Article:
One might wonder how a winner could possibly be determined if all the swarming ducks looked alike.

Well, a tag number was attached on the bottom of each duck, so the Rotarian who plucked the winners out of the water could see who each one belonged to and award prizes. Chairperson Tracy Winkles served as a lively emcee, even asking the attendees to quack like the “contestants.”

The Arlington High School graduate thoroughly explained all the derby’s expectations, including how the 7,000 ducks would take their starting places before the race began. This included first having a “duck mixer,” Winkles jokingly said, meaning the ducks would become more scrambled after going through a “practice round.”

This allowed sponsors to have a fairer chance at winning the race, Winkles explained. “And that way they can make friends … or maybe, make enemies,” Winkles said, as student life guards from Lamar High School kept ducks from going rogue – or floating away – before the race kicked off on the windy afternoon.

DJ Shawn Waldrop, better known as “DJ Boogieman,” added even more humor.

“Go motivate your duck, give encouraging words, say a prayer,” he encouraged the sponsors.

“Give them something to get these ducks moving because the ones in the back are going to have a harder time than the ones in the front. Hopefully, it will be an equal race,” Waldrop said.

Standing out from the flock

Throughout the event, one could see a sea of yellow shirts as nearly 70 volunteers donned the color in an act of solidarity with the rubber toys. However, no one was more decorated than longtime Rotary member Chuck Chambers. The president of Image 360 – an Arlington-based signage and graphics provider – was decked out in duck gear, including a snazzy bucket hat.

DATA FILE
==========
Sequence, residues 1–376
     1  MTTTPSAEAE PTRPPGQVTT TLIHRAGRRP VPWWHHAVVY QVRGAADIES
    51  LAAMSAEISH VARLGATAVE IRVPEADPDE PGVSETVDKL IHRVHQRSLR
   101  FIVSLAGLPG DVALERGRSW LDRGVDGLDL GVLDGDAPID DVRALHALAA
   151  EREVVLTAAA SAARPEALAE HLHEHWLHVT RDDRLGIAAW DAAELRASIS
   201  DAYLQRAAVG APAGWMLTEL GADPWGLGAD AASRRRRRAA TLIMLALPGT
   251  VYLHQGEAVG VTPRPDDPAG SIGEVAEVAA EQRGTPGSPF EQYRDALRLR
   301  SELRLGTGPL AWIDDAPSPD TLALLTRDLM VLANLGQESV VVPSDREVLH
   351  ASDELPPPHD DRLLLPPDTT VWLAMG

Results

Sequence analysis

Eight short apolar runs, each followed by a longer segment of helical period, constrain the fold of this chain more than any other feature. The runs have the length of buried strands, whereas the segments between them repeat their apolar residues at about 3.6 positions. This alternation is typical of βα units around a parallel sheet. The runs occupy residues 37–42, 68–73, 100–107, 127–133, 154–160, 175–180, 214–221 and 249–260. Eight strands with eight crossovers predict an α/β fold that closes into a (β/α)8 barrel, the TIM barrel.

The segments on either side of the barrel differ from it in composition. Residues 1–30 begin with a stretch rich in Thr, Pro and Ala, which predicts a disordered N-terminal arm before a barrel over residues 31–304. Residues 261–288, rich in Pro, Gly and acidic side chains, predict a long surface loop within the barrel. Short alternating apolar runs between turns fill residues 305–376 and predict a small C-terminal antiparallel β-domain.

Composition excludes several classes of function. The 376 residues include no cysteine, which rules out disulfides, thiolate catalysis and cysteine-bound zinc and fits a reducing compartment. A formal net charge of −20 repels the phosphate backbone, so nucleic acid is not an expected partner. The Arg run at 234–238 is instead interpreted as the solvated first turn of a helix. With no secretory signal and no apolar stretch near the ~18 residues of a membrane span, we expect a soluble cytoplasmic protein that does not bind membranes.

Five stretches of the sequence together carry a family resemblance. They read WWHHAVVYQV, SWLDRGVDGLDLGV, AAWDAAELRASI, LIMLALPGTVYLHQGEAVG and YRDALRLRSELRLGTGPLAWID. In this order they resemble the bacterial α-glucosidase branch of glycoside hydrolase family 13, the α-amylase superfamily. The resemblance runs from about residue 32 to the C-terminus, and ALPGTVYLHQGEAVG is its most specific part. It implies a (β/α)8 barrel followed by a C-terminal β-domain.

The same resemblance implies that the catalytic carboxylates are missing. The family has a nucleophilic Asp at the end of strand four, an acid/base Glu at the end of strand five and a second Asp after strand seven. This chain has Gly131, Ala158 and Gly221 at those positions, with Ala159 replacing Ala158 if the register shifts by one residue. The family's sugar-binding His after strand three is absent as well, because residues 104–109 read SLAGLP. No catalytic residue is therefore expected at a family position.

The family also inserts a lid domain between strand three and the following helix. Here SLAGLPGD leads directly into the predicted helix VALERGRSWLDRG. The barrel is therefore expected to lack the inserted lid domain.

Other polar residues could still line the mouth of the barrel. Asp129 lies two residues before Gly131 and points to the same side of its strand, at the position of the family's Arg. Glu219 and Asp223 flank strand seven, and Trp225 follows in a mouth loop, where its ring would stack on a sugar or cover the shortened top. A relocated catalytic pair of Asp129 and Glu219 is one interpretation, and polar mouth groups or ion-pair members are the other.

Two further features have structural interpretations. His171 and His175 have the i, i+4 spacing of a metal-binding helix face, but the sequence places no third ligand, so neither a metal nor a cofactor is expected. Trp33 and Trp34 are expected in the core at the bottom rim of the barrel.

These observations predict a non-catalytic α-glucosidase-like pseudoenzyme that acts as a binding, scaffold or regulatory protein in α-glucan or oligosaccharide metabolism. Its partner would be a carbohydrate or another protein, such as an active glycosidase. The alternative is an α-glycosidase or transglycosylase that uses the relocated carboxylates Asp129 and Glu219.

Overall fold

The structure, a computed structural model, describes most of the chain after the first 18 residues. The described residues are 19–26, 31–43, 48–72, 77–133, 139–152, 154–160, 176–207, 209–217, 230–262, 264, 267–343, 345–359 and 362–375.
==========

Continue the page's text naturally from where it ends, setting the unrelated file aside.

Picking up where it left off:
Duck Derby“I do everything big. Go big or go home. It’s fun to do this stuff,” Chambers said.

Attendee Tim Lopez also had a ball at the derby. He won a towel and a duck caller by tossing a rubber duck into a bucket and water-filled floatie from nine feet away. The popular station was manned by Your Tees, a T-shirt company owned by Jared Kriewall that has customers across the city.

“We’ve been in business eight years here in Arlington, so we thought we had to jump in,” said Kriewall, a Martin High School graduate and Rotary member.

Jimmy Harris, the fourth-generation owner of the 114-year-old restaurant David’s Barbecue in Pantego, obliged to his friend’s request for him to donate to the cause. Harris sponsored about 80 ducks to “compete” and was a “ducky” – ahem, lucky – winner. He took home the top prize, a $2,500 Visa gift card and “quacked” up just thinking about it.

“Who would ever think they are gonna win a duck race?” Harris said.

The second and third place winners – Rishi Mehra and James Moody Alexander – received $1,000 and $500 gift cards, respectively. There were additional prizes for the 4th through 10th place winners.

Courtni Anderson, aquatics manager, was thrilled about how the event turned out.

“It’s important for our department and the City of Arlington to help support the Rotary because they do so much for the community,” she said. “And it’s another opportunity for (people) to come out to see our amazing facility and see what we have to offer.”